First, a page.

|Publication number||US5438815 A|
|Application number||US 08/162,460|
|Publication date||Aug 8, 1995|
|Filing date||Dec 3, 1993|
|Priority date||Aug 31, 1992|
|Also published as||DE4228425A1, DE4228425C2|
|Publication number||08162460, 162460, US 5438815 A, US 5438815A, US-A-5438815, US5438815 A, US5438815A|
|Original Assignee||Fleuren; Norbert|
|Export Citation||BiBTeX, EndNote, RefMan|
|Patent Citations (5), Referenced by (3), Classifications (11), Legal Events (5)|
|External Links: USPTO, USPTO Assignment, Espacenet|
The invention concerns an arrangement of spacer means between articles such as containers for example bottles or the like, and a process for the production thereof.
The articles which are to be held in mutual relative positions by the arrangement of spacer means may preferably be containers comprising for example glass such as bottles or metal such as cans. For the purposes of transportation between manufacturing works and consumers, such articles generally require protective packaging to ensure that the articles or containers which are disposed in a packaging unit do not come into contact with each other. To provide protection of that kind for the articles, use can be made of spacers which are in the form of flat portions which extend between the articles, transversely to the plane of the bottom thereof, such spacers being for example in the form of partitions consisting of strips of cardboard each having slots extending partially across the width thereof, so that the strips of cardboard can be fitted together with the slots in interengaging relationship and with the strips of cardboard being disposed for example at right angles to each other in such a way as to define a grid-like structure in plan view to afford a plurality of boxes or compartments, into each of which a respective article can be fitted.
However packaging articles such as containers with spacers in the form of partitions of the above-indicated kind gives rise to problems insofar as the aim nowadays is to employ ever increasing packaging speeds, and the use of such partitions rows counter to the endeavour to achieve a high packaging speed, while in addition the use of spacers in the form of partitions involves a high level of expenditure on material.
An object of the present invention is to provide a spacer arrangement for articles which is so designed that the packaging speeds that can be achieved therewith can be considerably increased in comparison with the packaging speeds that can be attained with the prior partitions.
Another object of the present invention is to provide a spacer arrangement for positioning between articles, which affords a saving in material in comparison with prior packaging configurations.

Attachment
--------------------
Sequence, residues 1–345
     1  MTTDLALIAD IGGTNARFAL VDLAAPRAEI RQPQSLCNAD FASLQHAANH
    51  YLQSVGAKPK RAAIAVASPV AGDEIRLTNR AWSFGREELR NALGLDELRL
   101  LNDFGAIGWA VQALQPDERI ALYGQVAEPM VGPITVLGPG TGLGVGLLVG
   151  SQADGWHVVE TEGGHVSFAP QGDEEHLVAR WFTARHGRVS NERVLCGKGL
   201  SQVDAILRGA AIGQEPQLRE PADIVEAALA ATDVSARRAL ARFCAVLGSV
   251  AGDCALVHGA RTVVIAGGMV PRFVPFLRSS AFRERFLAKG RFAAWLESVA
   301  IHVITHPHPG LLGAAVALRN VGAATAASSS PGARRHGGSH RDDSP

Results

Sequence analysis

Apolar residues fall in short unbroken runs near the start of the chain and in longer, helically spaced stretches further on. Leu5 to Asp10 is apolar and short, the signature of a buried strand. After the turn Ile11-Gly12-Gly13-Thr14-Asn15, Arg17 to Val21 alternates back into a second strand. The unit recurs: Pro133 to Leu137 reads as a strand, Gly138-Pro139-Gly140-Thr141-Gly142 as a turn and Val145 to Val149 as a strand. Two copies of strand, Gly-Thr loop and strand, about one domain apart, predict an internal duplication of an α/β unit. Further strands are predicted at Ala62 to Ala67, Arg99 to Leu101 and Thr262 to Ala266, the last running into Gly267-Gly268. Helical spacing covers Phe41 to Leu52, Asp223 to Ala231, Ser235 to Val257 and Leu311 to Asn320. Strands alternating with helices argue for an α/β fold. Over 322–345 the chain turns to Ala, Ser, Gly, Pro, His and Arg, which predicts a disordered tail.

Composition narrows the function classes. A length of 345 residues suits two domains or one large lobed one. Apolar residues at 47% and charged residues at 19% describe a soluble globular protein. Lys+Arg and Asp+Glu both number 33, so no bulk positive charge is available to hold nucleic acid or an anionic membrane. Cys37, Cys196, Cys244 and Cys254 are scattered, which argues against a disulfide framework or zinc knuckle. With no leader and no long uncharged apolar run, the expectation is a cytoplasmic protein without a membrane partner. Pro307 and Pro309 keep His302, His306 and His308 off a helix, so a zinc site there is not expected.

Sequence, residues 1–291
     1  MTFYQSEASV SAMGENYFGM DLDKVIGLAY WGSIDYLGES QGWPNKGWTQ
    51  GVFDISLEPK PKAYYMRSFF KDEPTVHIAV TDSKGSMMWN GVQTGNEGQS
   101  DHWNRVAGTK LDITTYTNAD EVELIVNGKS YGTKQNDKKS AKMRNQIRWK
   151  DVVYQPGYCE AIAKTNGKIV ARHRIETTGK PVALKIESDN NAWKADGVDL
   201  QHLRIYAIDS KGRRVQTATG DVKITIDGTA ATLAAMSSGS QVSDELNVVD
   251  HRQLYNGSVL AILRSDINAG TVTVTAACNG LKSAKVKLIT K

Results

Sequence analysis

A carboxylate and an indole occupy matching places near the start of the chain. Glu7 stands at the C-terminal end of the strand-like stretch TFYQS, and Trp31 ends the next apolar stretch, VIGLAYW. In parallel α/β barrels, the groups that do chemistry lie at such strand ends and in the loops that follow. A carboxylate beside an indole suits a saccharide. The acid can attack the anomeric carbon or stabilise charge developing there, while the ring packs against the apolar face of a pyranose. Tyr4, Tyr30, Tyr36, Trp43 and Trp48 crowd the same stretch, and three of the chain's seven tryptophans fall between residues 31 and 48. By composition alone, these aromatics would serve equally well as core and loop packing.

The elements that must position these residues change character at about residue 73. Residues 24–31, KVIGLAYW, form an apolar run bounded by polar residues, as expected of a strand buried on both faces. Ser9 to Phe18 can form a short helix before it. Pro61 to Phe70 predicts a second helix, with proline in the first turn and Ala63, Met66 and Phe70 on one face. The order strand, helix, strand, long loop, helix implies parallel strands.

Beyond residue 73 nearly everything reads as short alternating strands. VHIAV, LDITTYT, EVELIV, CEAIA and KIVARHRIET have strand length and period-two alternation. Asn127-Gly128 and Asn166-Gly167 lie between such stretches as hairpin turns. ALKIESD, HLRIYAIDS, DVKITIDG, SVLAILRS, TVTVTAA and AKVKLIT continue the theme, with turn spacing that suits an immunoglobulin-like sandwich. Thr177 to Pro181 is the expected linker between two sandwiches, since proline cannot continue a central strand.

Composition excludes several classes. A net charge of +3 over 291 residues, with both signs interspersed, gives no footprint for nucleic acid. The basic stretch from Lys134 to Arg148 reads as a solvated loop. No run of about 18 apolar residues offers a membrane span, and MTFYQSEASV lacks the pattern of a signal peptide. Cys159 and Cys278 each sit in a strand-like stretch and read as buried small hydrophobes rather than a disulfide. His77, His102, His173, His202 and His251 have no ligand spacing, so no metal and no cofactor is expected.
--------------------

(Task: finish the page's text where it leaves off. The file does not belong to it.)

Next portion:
Still another object of the present invention is to provide a process for the production of a spacer arrangement for positioning between articles, which can operate at an increased rate to enhance productivity.
Yet another object of the present invention is a process for the production of a spacer arrangement for articles, which is of a simple operational procedure.
In accordance with the present invention the foregoing and other objects are achieved by an arrangement of spacer means for use between articles to be separated from each other, for example containers such as bottles or cans, comprising at least one flat spacer portion which extends transversely to the plane of the bottom of the articles, and between the articles. The spacer portion is of a substantially meander-like configuration as viewed in plan, disposed between said articles which are arranged in at least one row. The meander-like configuration may be curved or angular and the spacer portion may be a honeycomb, strip, or apertured or perforated portion. It will therefore be noted in this respect that the term flat spacer portion does not signify any limitation to a portion which has a fully complete or solid surface, but rather the spacer portion, as indicated above, may involve a honeycomb-like portion, a portion in strip form or an apertured or perforated portion.
In accordance with another aspect of the invention the foregoing and other objects are achieved by a process for the production of an arrangement of spacer means for positioning between articles, wherein a flat spacer portion in the form of an upstanding substantially flat strip is introduced between articles which are initially disposed in first and second rows. The spacer portion is then forcibly shaped into a meander-like configuration as viewed in plan by the articles themselves, insofar as the first and second rows of articles are moved so as to constitute a single common row, with the articles in the respective first and second rows thus engaging between each other in the same manner as the teeth of a zip fastener engage between each other when the zip fastener is closed.